Important note about UART socket
On one of the side walls, there is a UART socket. It has a GND line and RX line, because TX line is used to switch the anodes (the clock itself doesn't send any data, so it's ok). It was a problem, because I needed to implement an UART bootloader to easily upgrade the firmware; and the bootloader needs to communicate in both ways. I used a solution presented here (you can read about the principle of operation): http://nerdralph.blogspot.ca/2014/01/avr-half-dup... So, in a normal operation, I can use my UART socket as a regular RX signal, but when I want to run a bootloader, I just connect a small PCB and then it can be used as a standard TX/RX UART. The catch is, when I need to send some data from AVR, I have to reconfigure the pin as a GPIO, then programmatically send data, and again configure the pin for RX interrupt. But I'll describe it in another step.
Here you can download all necessary files:
- clock_Kicad.rar: schematics and PCB in KiCad (version 2013-07-07)
- clock_partlist.lst: partlist generated for this project
- fusebits.png - program these values before sending the HEX file
- complete.hex - both application and bootloader code, ready to use solution
- application.hex - just application code
- bootloader.hex - you can program bootloader only and then send application.hex via UART
Step 3: The Casing - Main Base
As I wrote in intro, I used laminate as a main base of the casing. You can download the necessary drawing below. When printing, make sure you don't scale it (or set scale to 100%). First of all, you need to transfer it on the copper, as if it was a standard PCB. It is very helpful when it comes to cutting and sanding.
To mount the PCBs to laminate, I used M2 screws and nuts (nuts can be soldered to the copper). Make sure nuts are soldered exactly where they should be, because it will affect the final result. When soldering the laminate, try to set the sides as perpendicular as possible. You can use additional boards and distance spacers, as shown on the pictures.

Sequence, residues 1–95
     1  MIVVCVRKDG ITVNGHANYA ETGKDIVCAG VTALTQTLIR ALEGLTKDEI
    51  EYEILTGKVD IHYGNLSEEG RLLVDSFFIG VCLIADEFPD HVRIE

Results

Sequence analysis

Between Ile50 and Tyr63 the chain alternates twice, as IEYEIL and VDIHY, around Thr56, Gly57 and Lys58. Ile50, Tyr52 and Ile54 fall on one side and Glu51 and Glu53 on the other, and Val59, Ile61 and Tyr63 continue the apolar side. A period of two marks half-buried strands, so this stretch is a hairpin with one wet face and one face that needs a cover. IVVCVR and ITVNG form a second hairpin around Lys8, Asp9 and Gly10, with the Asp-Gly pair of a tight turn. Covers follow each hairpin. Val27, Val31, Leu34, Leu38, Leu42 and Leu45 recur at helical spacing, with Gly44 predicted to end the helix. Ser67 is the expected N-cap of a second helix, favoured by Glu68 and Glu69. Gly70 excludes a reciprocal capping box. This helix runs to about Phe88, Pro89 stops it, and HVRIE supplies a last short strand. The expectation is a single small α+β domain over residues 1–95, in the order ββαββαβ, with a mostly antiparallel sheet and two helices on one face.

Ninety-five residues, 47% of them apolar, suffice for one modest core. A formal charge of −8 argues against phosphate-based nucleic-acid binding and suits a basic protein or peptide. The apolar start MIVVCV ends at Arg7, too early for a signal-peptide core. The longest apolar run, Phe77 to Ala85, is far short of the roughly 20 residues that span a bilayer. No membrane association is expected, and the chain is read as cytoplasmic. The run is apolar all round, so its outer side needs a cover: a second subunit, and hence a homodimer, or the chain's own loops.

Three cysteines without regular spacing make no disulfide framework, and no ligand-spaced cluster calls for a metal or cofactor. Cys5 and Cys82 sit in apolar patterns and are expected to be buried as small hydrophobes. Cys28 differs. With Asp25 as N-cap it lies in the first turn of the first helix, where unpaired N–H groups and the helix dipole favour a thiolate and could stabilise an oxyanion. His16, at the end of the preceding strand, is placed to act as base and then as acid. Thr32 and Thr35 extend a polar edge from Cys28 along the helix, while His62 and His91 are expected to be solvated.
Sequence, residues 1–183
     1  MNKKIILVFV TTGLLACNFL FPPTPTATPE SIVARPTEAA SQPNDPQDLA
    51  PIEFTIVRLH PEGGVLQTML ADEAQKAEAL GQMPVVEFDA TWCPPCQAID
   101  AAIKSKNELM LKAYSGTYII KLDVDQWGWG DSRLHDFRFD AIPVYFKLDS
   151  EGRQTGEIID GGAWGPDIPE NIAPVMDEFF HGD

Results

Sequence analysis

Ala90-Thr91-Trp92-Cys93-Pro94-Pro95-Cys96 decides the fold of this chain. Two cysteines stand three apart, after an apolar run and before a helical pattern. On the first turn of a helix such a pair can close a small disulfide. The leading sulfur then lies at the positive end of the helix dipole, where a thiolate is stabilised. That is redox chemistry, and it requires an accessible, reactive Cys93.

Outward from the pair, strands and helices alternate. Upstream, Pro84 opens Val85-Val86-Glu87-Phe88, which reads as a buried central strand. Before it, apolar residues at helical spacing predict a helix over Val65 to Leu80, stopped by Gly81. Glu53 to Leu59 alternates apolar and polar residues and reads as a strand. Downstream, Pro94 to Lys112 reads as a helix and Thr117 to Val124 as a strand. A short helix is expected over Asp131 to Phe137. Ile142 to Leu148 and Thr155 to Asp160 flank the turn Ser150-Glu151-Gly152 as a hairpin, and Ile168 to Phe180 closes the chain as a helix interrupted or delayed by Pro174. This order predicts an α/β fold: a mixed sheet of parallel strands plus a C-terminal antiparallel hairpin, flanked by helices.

Step 4: Etching Labels
Here comes the time for brass labels. I decided to etch them with ferric chloride (FeCl3) instead of B327, because it worked better with the brass plates I had. I cleaned the plate with sandpaper and acetone, then I thermo-transfered the printout (see attachments below). I covered any unused surfaces with adhesive tape to prevent them from etching. As you can see on the pictures, after etching in FeCl3, there were some pitting. That's why you should etch at least two pieces of every label. You just pick this one which looks better.
After etching, I sanded the labels one more time and painted with black marker. When it dried, I removed any excess with sandpaper (~400-600). Then I started to shape the labels. I used a Dremel-like tool to do that. After that, I finished it with spray lacquer - it has to be applied in several very thin layers. When it dries, black paint is kind of dissolving, so you can't move the labels. Otherwise the paint will pour out of etched pattern.
Step 5: Finishing the Casing
Veneer and labels
Magohany mounting process was difficult, so I decided to finish it before I glue it to the laminate. I cut 5 pieces, sanded it with 600 sandpaper and finished with the same spray lacquer. I printed drawings (see files below) and attached them to the other side of the verneer pieces. When I cut it to expected size, I used super glue to connect it with the laminate base.
Upper and bottom walls (made of wood)
I have no skill in woodworking so I've choosen balsa, because it's very easy to work with. I needed to combine two pieces since they were too narrow. At the end I sanded it and also decided to soften the edges.
I made many tests with mahogany rustic stain. At first, I tried to put it on some piece of balsa, wait until it dry, and then finish it with acrylic lacquer. The result was... not very nice :). Then I mixed stain with lacquer and applied two layers of it. And that was a lot better! Eventually, I ended up with stain and lacquer in 1:1 volume ratio, applied three times (1.5-2h intervals).
When the wood was dry, I glued the upper wall to the casing. Then I drilled four holes in the bottom wall (for mounting screws). At the end I added anti-slip pads and glued four brass corners to hide the junctions.
Step 6: Remote Controller
Remote controller is using ATtiny13 with internal RC oscillator set to 1.2MHz. It is powered from onboard CR2032 battery. In normal operation AVR is in powerdown mode - the battery should last for several years. Any switch on the keyboard wakes the AVR up and then it starts to transmitting the corresponding keycode in slightly modified SIRC protocol. There is also a red LED which is blinking when transmitting.
The controller can be used to:
- set date, time and alarm